First Modular Integrated Construction residential project
As technology advances, the construction industry continues to upgrade with the times to make the building process faster and safer. Earlier, my colleagues and I went to inspect Hong Kong’s first public works project adopting Modular Integrated Construction (MiC), – the Disciplined Services Quarters for the Fire Services Department at Pak Shing Kok, Tseung Kwan O. It is also the first residential project constructed with this innovative construction technology under the co-operation of the Architectural Services Department (ArchSD) and a contractor. There, we were briefed by the building professionals on the building process, project details and progress.
Innovative construction methods bringing multiple benefits
Interior fitting out takes place after the completion of the building structural frame in conventional construction, which requires more workers and longer construction time, and generates more substantial construction wastage on sites. MiC, on the contrary, adopts the concept of “factory assembly followed by on-site installation”, where a building is divided into freestanding modules and the labour-intensive and time-consuming process can be accomplished in a factory before the modules are transported to the site for installation like piling up building blocks. In this manner, it not only minimises the duration of works on site, but also enhances productivity, site safety, environmental performance and cost-effectiveness. One may say that MiC brings multiple benefits.
The project of the Disciplined Services Quarters for the Fire Services Department at Pak Shing Kok, Tseung Kwan O, comprises five quarters blocks, among which four have 16 storeys and one has 17 storeys. With 8 units on each floor, the quarters will provide 648 three-bedroom units of 50 square metres. The Director of Architectural Services, Mrs LAM YU Ka-wai, Sylvia, says the project commenced in August last year and the construction process has been accelerated due to the adoption of MiC. The contractor expects the project to be completed by the end of next year, earlier than the contractual completion date of the second quarter of 2021.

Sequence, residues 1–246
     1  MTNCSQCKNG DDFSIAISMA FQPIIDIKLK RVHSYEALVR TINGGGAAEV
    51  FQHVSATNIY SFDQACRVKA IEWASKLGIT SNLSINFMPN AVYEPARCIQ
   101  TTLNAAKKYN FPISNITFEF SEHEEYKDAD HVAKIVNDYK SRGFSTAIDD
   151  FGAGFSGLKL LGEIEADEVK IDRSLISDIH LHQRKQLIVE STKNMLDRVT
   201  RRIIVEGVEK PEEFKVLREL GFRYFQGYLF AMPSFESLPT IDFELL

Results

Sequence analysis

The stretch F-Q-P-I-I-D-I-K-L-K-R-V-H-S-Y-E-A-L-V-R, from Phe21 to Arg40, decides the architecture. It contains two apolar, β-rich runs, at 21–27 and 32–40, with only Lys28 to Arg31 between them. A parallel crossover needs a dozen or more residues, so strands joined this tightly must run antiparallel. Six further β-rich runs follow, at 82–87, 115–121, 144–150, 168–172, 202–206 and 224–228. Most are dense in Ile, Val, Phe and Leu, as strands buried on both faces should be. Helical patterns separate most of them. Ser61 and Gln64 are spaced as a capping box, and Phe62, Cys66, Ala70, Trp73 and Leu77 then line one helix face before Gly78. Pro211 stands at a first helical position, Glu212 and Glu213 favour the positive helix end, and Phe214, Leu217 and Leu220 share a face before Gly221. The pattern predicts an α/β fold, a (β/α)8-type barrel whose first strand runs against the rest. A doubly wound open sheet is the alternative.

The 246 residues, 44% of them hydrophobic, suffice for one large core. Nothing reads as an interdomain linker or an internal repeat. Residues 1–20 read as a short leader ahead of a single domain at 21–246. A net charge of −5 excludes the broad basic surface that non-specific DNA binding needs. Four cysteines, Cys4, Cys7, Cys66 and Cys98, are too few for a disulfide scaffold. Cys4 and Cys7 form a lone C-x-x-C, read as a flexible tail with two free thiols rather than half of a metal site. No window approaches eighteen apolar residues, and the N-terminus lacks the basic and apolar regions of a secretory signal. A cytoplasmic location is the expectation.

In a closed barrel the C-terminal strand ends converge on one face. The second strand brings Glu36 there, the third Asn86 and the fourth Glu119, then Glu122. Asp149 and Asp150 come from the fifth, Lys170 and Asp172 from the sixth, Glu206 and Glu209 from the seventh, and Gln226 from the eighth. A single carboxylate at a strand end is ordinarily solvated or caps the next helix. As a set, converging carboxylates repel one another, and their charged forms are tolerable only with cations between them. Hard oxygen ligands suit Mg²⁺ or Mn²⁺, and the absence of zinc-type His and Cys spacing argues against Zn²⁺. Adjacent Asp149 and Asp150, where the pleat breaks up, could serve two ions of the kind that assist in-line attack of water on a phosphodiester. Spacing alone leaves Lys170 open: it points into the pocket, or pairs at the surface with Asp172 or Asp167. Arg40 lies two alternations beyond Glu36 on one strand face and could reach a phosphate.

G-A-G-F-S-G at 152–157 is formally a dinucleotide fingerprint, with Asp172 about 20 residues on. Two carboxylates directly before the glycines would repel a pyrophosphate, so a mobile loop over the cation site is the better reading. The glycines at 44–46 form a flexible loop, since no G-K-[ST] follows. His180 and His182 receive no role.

Interior finishes and fittings completed
The development consists of about 3 800 modules commonly known as “boxes”. Each box has had most of its finishes, interior fittings, fixtures, etc, assembled ahead in the factory. According to Project Manager Ms AU Siu-man, Amy, of the ArchSD, more than 10 percent of the boxes have been installed at the construction site so far. Block Two, the tallest among the five blocks, has had four storeys installed. She says that the department consulted with the Water Supplies Department, the Electrical and Mechanical Services Department and the Fire Services Department regarding the project’s inspection and acceptance standards at the end of last year. Between June and July this year, a visit was conducted by the ArchSD and related departments to the contractor’s factory on the mainland to inspect the assembly of the boxes, and to ensure their safe transportation.
On the day of the visit, the project staff demonstrated to us the process of lifting a module and fitting it to a designated spot, taking only about 15 minutes to complete the entire process. After that, we went inside the unit for a visit and saw that some essential fittings, partitions and fixtures (such as floor tiles, window grilles, a bathtub, a washbasin, kitchen cabinets and plumbing works) were already in place. Walls had also been painted or paved with tiles.
Five days to assemble a storey
The contractor’s Project Director, Mr NGAN Siu-tak, Emil, says that more than 80 percent of the interior fitting-out processes are completed in a prefabrication yard. The fitting of the modules to the building calls for precise calculations. It takes about five working days to assemble each floor, and 30 minutes to install a module. Lifting units to higher floors takes around five minutes longer.
Setting an example for the construction industry
In recent years, the Government has proactively adopted MiC in various public works, with pilot projects including the InnoCell of the Hong Kong Science Park and the Wong Chuk Hang student hostel project of the University of Hong Kong. The second MiC project of the ArchSD, i.e. the Construction of a Multi-welfare Services Complex in Area 29 of Kwu Tung North New Development Area, will commence this month. I hope that by piloting the MiC technology in public projects, the Government can set an example for the construction industry and give practitioners greater confidence to use MiC in their projects. In the long run, it is hoped that through this construction technology, which is relatively new to Hong Kong, the industry will overcome severe challenges such as high costs and labour shortages they have been facing in recent years, and together we will promote the sustainable development of the construction sector.
15 December, 2019